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Local Community Projects in Suffolk

Updated: Apr 1


The Rogues Shanty Chorus

Please Give Your Support to Local Community Projects in Suffolk.


The Coronavirus health pandemic we face is a once in a generation event for us all and no-one could have fully prepared for this but there are things that we can do. Now, more than ever, we need to make sure that we can continue to support people who are vulnerable and will be very badly affected by the Coronavirus outbreak.

The Rogues Shanty Chorus, from the Voice cLoud, is a local charity which aims to encourage interest in Suffolk’s unique coastal, cultural and musical heritage by exploring folk music and its associated traditions created by fishing communities. The project holds music sessions for parents of children in their early years, extra-curricular music workshops for young people, and a choir for local people.

Although unable to meet as many of their members are within the vulnerable criteria, the group were determined that those who viewed the choir as a lifeline wouldn’t go without. Last week, they hosted the first of their singalongs over Facebook live, with over 4000 people watching and joining in with the singing from home, whilst keeping the banter and friendships alive in the chat throughout.

They have been using a mixture of Facebook live features and online conferencing programmes with a private invite. This approach allows for smaller online gatherings where the group can try and make more specific progress; focussing on songs and activities that they have already learned and just want to brush up on.

In light of recent government announcements, they have further modified their approach to the broadcasts by having the workshop leaders broadcast from their own home and not together or via conferencing in order to allow the leaders to input one by one. As a result of this, the Voice cLoud has been approached by other local organisations to see if they can facilitate other communities or social groups with specific support or health needs (such as dementia). They are now exploring how they can use this technology to disseminate more local appropriate advice and guidance (ie: using a dementia champion to offer guidance on what help carers can access to help them in isolation, etc).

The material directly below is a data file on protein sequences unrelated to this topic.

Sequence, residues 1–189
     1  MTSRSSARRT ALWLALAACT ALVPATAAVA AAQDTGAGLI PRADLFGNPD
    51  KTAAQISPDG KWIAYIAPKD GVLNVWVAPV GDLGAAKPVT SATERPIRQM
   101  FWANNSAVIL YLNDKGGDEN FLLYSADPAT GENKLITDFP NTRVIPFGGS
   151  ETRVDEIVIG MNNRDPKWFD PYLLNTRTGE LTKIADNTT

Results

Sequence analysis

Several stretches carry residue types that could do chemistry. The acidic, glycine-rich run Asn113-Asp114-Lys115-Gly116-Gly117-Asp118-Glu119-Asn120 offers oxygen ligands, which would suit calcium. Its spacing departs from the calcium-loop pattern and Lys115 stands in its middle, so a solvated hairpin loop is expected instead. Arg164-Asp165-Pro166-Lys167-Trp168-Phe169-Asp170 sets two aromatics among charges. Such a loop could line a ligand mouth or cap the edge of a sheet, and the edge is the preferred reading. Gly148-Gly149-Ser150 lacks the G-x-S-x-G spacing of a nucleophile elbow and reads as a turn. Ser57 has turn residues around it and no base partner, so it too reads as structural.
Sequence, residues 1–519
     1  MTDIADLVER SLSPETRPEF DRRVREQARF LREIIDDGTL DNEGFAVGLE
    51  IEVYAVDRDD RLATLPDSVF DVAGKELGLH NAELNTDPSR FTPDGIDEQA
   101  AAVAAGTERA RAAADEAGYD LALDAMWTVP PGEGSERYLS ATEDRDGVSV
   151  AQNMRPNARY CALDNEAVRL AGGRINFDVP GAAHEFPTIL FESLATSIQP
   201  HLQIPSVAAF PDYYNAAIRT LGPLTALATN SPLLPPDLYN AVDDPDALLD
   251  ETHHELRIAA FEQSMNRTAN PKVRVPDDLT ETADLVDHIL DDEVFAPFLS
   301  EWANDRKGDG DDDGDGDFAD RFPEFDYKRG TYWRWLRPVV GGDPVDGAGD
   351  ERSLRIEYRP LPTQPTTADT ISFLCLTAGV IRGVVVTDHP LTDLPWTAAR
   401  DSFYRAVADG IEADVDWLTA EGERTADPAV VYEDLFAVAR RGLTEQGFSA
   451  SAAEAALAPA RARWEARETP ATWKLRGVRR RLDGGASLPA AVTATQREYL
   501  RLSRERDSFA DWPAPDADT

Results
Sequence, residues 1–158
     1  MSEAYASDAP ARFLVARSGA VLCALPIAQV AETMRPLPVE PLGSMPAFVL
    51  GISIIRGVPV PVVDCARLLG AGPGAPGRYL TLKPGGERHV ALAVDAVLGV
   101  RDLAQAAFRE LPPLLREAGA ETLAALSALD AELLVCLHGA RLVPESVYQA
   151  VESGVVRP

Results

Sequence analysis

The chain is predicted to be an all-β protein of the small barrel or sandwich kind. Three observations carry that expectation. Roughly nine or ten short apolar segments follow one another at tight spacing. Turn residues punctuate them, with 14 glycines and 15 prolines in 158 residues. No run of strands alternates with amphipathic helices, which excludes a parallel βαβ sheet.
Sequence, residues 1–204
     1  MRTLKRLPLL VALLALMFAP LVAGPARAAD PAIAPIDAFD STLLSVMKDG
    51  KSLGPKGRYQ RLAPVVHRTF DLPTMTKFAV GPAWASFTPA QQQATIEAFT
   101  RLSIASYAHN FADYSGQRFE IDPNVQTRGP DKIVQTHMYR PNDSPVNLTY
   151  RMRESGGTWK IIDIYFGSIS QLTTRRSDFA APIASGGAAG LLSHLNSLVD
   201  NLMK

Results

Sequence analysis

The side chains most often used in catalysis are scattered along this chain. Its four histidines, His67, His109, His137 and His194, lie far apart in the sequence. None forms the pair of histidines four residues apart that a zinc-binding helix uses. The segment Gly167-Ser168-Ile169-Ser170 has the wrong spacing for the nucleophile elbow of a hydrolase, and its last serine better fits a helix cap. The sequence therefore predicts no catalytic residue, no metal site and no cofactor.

Stephen Amer, Project Co-Ordinator said: “We started the online sessions to see how music could bring us together when we can’t be together.

Expanding on the benefits the project can bring at this difficult time, Stephen continued: “In a time where we're being asked to isolate, the sense of community that we believe the project has achieved feels even more vital. If we can stay connected in some way, then these social interactions will be good for our health in a time when health and wellbeing is likely to be a real challenge to achieve a balance of. The sessions can also remind us that we’re not in this alone and we suspect that online virtual sessions may even provide some unexpected benefits that we can’t explore in standard rehearsals.”

Highlighting the importance of the project and their inventive ways of working, one member told us: “I’m so thankful to the Rogue Shanty Chorus for all their efforts to keep us engaged and sane in these trying times. My Husband is on a minimum 12-week lockdown as a transplant recipient so listening to the fun produced by Paul, Stephen and Andy and other group members is so helpful, it keeps us afloat.”

John Hume, CEO of People’s Heath Trust which distributes money raised by The Health Lottery money said: This is a difficult time for everyone, but it is especially difficult for those who are having to isolate as a result of being truly at risk. The work being done by this project encapsulates the spirit and dedication that we will need to get through this together.

“Seeing the ingenuity of this project has been inspiring and their commitment to their members has remained as steadfast as ever in the face of a pandemic out of their control. Now, more than ever, these projects need our support and the only way we can continue to do this is with your help. If you are an existing Health Lottery customer, I can only thank you for your continued support, and if you’re new to this please consider supporting local charities by playing The Health Lottery.”

Money raised by Health Lottery East is continuing to support local projects and has raised over £9million in funds to support 216 projects to date in the region.

Through the money raised by the Health Lottery, we have supported disabled young people and adults, older people, people with autism and children and adults living in poverty. All of these groups are vulnerable right now. Many have very low incomes or are on zero-hours contracts or part-time work which is drying up in this crisis.

Many of these projects are needed more than ever at the moment. Many charities are staying open to support people in need and many are moving what they do online, to make sure that people remain connected and know they are cared for.

It may feel like we are powerless at the moment, but we are not. You can help by ensuring that you continue to support these good causes so that vulnerable people can get through this very difficult period.

East

Tackling health inequalities

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East Health CIC trading as Health Lottery East is licenced and regulated by the Gambling Commission (License Numbers 000-029814-N-311300-009 and 000-029814-R-311299-009) to promote society lotteries as defined in the Gambling Act 2005.

The Health Lottery scheme manages 12 Society Lotteries that operate in rotation and each represents a different geographical region of Great Britain.